Tens of thousands of patients each year are diagnosed with heart valve disease. TAVR is often considered for patients who are at high risk for complications with an open-heart surgery to replace the valve. But the prosthetic valves are made in a variety of sizes from multiple manufacturers. Leakage occurs when the new valve doesn’t achieve a precise fit and blood flows around the prosthetic rather than through it as intended.
Reduced chance of leakage
The models are created with a special metamaterial design and then made by a multi-material 3-D printer, which gives the researchers control over such design parameters as diameter and curving wavelength of the metamaterial used for printing, to more closely mimic physiological properties of the tissue. For example, the models can recreate conditions such as calcium deposition — a common underlying factor of aortic stenosis — as well as arterial wall stiffness and other unique aspects of a patient’s heart.
That interaction was simulated by embedding wavy, stiff microstructures into the softer material during the 3D printing process. The researchers created heart valve models from medical imaging of 18 patients who had undergone a valve replacement surgery. The models were fitted with dozens of radiopaque beads to help measure the displacement of the tissue-mimicking material.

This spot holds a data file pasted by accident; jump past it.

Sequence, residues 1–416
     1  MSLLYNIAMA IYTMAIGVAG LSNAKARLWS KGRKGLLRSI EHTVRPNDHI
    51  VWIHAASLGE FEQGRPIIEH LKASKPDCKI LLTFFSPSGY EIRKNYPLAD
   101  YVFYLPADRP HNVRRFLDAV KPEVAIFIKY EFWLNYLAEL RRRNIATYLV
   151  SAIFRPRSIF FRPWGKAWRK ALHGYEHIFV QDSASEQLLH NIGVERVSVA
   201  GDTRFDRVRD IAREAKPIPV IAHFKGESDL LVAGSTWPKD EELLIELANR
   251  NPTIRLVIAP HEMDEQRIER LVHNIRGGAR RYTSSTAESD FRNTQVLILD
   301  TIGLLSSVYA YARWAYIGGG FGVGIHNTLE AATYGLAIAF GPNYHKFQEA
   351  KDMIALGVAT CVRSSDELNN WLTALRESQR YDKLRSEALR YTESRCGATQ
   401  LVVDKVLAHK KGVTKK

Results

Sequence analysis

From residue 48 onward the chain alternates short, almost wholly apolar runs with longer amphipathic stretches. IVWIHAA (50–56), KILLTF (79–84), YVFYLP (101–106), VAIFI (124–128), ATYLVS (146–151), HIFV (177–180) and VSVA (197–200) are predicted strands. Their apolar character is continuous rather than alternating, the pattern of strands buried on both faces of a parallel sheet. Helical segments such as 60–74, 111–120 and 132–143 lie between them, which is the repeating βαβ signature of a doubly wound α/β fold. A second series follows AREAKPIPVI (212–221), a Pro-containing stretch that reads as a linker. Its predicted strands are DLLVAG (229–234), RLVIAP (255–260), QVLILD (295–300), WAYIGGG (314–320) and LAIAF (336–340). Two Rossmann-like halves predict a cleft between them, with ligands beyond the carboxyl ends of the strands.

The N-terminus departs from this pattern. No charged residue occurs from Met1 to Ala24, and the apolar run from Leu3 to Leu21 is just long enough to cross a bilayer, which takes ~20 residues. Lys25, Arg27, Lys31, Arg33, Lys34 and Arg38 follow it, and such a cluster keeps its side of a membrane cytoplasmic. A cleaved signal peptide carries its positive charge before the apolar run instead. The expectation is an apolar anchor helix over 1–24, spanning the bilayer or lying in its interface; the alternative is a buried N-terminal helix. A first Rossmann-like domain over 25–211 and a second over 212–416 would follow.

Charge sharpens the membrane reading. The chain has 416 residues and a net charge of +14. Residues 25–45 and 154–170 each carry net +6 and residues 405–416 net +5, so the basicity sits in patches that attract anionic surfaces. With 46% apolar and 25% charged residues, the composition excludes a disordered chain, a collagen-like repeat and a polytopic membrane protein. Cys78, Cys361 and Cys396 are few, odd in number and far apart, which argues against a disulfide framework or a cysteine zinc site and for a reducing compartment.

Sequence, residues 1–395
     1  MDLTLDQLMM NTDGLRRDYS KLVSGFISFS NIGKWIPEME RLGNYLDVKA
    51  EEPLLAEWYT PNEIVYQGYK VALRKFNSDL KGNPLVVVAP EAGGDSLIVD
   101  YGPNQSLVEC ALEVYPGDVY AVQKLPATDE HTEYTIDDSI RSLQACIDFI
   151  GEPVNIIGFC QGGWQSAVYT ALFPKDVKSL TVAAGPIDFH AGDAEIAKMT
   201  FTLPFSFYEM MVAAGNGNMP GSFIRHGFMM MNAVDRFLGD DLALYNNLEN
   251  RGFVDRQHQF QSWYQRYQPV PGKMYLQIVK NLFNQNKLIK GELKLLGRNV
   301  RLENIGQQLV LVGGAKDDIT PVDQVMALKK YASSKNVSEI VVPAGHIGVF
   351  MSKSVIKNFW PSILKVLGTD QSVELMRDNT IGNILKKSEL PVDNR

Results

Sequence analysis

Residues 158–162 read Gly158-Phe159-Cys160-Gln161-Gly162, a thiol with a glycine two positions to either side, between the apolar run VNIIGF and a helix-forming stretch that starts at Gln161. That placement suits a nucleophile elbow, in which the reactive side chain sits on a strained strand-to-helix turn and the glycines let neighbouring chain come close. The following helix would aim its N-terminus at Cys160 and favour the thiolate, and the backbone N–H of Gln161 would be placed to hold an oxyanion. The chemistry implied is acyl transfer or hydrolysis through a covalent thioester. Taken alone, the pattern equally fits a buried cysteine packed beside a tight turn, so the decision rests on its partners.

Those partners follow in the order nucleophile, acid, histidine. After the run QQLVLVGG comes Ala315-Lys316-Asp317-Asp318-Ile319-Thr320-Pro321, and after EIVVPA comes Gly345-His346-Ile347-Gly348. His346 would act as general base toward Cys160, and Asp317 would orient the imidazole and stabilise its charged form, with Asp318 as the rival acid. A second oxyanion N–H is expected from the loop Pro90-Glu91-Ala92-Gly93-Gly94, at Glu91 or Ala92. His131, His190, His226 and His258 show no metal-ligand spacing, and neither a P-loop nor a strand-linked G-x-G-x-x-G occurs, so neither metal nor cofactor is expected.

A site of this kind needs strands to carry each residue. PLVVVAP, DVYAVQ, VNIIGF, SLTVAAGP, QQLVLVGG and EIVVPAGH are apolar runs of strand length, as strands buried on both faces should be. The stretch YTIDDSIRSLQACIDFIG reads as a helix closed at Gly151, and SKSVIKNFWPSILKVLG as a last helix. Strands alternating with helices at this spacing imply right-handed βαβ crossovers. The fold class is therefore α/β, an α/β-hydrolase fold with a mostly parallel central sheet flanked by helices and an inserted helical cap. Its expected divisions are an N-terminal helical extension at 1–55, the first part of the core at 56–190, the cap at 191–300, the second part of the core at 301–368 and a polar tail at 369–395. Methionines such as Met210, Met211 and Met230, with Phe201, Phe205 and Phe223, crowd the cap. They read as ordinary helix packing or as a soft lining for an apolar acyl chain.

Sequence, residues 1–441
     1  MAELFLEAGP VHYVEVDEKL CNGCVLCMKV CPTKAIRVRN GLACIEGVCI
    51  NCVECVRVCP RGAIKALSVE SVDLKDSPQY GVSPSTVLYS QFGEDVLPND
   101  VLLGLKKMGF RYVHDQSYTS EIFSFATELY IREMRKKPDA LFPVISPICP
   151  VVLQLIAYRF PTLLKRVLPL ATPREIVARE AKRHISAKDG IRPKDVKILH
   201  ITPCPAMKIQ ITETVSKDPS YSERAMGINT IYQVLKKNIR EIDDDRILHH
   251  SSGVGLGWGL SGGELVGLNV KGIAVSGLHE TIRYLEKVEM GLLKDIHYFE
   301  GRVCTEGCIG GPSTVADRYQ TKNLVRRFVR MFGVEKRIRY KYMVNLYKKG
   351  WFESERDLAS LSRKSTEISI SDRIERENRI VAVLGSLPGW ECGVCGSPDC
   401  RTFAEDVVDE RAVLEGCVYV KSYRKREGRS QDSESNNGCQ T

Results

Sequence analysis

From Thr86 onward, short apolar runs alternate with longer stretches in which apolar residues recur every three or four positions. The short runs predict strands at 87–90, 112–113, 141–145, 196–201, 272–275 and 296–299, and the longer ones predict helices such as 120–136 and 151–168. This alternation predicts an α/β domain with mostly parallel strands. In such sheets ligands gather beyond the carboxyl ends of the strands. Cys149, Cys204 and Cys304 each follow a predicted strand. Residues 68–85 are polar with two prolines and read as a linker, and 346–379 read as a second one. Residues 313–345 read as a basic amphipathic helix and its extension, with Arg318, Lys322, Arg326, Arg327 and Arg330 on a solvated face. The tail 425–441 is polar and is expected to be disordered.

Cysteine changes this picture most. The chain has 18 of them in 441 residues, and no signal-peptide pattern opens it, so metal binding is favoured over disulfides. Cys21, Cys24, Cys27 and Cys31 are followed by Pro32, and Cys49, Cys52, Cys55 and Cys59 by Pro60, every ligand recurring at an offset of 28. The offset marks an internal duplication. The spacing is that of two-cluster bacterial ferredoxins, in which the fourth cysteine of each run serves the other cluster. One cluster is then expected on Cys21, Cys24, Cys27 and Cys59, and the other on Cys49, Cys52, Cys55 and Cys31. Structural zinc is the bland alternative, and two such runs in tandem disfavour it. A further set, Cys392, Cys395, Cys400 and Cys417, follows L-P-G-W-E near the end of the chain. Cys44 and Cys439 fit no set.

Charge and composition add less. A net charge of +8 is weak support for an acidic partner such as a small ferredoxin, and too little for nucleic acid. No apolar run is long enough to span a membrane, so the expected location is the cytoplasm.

The researchers then paired those models with the same type and size prosthetic valves that interventional cardiologists had used during each patient’s valve replacement procedure. Inside a warm-water testing environment controlled to maintain human body temperature, the researchers implanted the prosthetics inside the models, being careful to place the new valves in the exact location that was used during the clinical procedure for each case.
Interacting with prosthetics
Those inconsistencies were assigned values that formed a "bulge index," and the researchers found that a higher bulge index was associated with patients who had experienced a higher degree of leakage after valve placement. In addition to predicting the occurrence of the leakage, the 3-D printed models were also able to replicate the location and severity of the complication during the experiments.
The researchers plan to continue to optimize the metamaterial design and 3-D printing process and evaluate the use of the 3-D printed valves as a pre-surgery planning tool, testing a larger number of patient-specific models and looking for ways to further refine their analytic tools.